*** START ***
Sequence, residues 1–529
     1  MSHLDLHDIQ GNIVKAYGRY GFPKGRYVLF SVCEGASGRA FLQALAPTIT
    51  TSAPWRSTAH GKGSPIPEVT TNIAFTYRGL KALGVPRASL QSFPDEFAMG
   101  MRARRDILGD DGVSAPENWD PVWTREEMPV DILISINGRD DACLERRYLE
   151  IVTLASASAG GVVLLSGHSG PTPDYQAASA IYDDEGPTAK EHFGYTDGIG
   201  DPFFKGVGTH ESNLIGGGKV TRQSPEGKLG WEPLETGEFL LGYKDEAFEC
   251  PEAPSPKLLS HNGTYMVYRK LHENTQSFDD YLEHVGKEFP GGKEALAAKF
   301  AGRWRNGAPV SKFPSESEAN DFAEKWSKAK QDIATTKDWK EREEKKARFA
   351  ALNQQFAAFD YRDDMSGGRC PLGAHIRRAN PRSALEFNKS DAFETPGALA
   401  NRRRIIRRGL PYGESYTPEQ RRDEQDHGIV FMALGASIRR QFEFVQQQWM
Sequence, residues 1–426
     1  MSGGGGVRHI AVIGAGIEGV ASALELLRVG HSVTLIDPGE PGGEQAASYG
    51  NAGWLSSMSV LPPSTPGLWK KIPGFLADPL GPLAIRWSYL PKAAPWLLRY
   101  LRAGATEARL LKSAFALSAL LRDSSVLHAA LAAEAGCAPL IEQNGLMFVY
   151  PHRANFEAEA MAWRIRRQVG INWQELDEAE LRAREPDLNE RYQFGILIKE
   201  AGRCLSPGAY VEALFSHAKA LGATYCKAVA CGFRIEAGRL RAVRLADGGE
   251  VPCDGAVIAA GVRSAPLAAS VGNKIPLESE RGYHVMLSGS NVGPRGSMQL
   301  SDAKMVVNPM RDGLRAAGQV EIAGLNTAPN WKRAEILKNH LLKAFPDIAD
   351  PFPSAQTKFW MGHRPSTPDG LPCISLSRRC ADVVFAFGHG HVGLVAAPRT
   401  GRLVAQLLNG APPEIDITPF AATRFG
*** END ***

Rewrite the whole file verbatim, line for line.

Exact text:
Sequence, residues 1–529
     1  MSHLDLHDIQ GNIVKAYGRY GFPKGRYVLF SVCEGASGRA FLQALAPTIT
    51  TSAPWRSTAH GKGSPIPEVT TNIAFTYRGL KALGVPRASL QSFPDEFAMG
   101  MRARRDILGD DGVSAPENWD PVWTREEMPV DILISINGRD DACLERRYLE
   151  IVTLASASAG GVVLLSGHSG PTPDYQAASA IYDDEGPTAK EHFGYTDGIG
   201  DPFFKGVGTH ESNLIGGGKV TRQSPEGKLG WEPLETGEFL LGYKDEAFEC
   251  PEAPSPKLLS HNGTYMVYRK LHENTQSFDD YLEHVGKEFP GGKEALAAKF
   301  AGRWRNGAPV SKFPSESEAN DFAEKWSKAK QDIATTKDWK EREEKKARFA
   351  ALNQQFAAFD YRDDMSGGRC PLGAHIRRAN PRSALEFNKS DAFETPGALA
   401  NRRRIIRRGL PYGESYTPEQ RRDEQDHGIV FMALGASIRR QFEFVQQQWM
Sequence, residues 1–426
     1  MSGGGGVRHI AVIGAGIEGV ASALELLRVG HSVTLIDPGE PGGEQAASYG
    51  NAGWLSSMSV LPPSTPGLWK KIPGFLADPL GPLAIRWSYL PKAAPWLLRY
   101  LRAGATEARL LKSAFALSAL LRDSSVLHAA LAAEAGCAPL IEQNGLMFVY
   151  PHRANFEAEA MAWRIRRQVG INWQELDEAE LRAREPDLNE RYQFGILIKE
   201  AGRCLSPGAY VEALFSHAKA LGATYCKAVA CGFRIEAGRL RAVRLADGGE
   251  VPCDGAVIAA GVRSAPLAAS VGNKIPLESE RGYHVMLSGS NVGPRGSMQL
   301  SDAKMVVNPM RDGLRAAGQV EIAGLNTAPN WKRAEILKNH LLKAFPDIAD
   351  PFPSAQTKFW MGHRPSTPDG LPCISLSRRC ADVVFAFGHG HVGLVAAPRT
   401  GRLVAQLLNG APPEIDITPF AATRFG